Panelists at an FCC field hearing on mobile broadband in San Diego Thursday talked about taking care of the three L's: the least, last and lost.
And rather that "killer apps," much of the focus was on "saver apps," which could provide life-saving or life-enhancing services like housing or medical monitoring.
Least is low or modest income, last are those in the outer limits of new technology or beyond its reach, while the lost are those who do not understand the relevance of broadband adoption to their lives.
Rey Ramsey, of One Economy, a nonprofit working on getting broadband to low income citizens, including minorities, said that one of the keys to reaching those three L's is via developing "life-enhancing" applications.
He said that those would include applications related to important government services like housing or utility assistance programs.
To that end, he said that One Economy would soon announce the creation of a social innovations lab that would design applications specifically targeted to assisting low income households.
Some of the apps that could be used to help fight the heart disease and diabetes that often hit minority populations harder than others, are already out there.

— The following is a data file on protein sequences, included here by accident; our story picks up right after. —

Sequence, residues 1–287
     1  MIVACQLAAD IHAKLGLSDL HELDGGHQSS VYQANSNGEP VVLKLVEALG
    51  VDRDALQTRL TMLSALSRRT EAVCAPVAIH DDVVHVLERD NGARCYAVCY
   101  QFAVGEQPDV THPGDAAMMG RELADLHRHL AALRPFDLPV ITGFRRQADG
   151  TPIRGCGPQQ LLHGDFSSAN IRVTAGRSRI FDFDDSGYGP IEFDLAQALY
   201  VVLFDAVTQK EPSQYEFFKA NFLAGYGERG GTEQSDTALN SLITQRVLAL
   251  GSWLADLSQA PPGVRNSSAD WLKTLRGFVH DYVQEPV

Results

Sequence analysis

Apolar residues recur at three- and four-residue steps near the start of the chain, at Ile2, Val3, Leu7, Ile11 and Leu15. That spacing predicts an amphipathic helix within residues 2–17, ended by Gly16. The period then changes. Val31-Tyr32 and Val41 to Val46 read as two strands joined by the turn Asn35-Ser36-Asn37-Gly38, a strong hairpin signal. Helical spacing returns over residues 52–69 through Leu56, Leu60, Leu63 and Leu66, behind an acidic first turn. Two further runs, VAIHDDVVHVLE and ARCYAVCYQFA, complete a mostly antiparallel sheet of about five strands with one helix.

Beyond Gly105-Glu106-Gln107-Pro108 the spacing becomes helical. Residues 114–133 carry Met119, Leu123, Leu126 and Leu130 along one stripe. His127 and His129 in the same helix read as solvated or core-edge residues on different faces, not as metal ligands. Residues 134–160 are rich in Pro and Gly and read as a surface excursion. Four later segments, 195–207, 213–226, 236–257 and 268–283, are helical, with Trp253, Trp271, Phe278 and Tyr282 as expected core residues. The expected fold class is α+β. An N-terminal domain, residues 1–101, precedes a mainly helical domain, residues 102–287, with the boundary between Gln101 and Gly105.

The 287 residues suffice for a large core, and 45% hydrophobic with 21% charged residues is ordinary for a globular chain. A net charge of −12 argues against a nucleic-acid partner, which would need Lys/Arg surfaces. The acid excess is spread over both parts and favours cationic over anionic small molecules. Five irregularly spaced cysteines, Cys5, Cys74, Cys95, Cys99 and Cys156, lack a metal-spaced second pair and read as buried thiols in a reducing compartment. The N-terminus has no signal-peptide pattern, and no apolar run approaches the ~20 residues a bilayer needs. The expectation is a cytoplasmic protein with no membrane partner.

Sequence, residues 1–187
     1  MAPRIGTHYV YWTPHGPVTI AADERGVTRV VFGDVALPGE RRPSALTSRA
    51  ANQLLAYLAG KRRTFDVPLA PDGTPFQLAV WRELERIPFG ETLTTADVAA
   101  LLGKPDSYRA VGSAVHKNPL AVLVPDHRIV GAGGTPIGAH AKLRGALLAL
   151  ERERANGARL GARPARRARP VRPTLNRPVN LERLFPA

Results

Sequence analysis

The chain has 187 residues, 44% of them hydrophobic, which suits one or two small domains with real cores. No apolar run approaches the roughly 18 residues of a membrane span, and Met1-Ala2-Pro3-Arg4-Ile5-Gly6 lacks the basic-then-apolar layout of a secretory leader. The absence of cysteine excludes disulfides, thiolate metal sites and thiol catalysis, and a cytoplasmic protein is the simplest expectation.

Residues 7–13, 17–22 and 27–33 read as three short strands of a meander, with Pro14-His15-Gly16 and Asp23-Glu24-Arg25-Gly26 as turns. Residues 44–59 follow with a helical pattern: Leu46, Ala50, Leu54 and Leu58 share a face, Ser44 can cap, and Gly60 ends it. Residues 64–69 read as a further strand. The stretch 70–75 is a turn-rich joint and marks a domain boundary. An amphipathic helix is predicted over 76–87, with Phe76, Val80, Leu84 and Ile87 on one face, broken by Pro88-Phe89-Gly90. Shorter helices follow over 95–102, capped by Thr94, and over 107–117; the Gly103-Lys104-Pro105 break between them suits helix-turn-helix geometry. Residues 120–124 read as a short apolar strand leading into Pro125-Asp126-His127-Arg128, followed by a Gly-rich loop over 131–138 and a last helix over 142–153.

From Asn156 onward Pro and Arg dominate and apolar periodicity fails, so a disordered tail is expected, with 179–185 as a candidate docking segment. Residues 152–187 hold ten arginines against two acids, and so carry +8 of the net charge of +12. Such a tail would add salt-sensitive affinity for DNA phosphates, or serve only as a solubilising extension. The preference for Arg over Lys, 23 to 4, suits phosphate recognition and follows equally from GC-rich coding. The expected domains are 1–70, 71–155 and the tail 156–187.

FCC Chairman Julius Genachowksi talked about walking the floor of the CTIA convention in San Diego-where he spoke Wednesday-and seeing applications on health care making it easier to monitor patients.
At the hearing, which included a panel devoted to applications, Genachowski and co-moderator Commissioner Meredith Attwell Baker, got the lowdown on a range of applications.
They ranged from mobile air quality monitors for tracking greenhouse gasses to interactive health monitoring.
And as with recent discussions about what kind of broadband speeds the FCC should be looking at for its broadband plan, one of the biggest issues, both explicitly and as running subtext, was how much bandwidth it was going to take to support all the killer, or in the case of health care, "saver" apps.
Darrel Drinan, CEO of PhiloMetron, which does wireless diagnostics, said that the spectrum requirements were increasing rapidly. He also said that, while he did not want to get into the issue of network neutrality, there was also an issue of prioritizing. "Is grandma's ECG going to be delayed because Billy is watching a YouTube video?" he asked.
Drinan had one possible band-aid for the spectrum capacity problem, at least in terms of health monitoring: Use spectrum set aside for first responders, who would share the benefit of remote monitors by being able use them in mass casualty situations.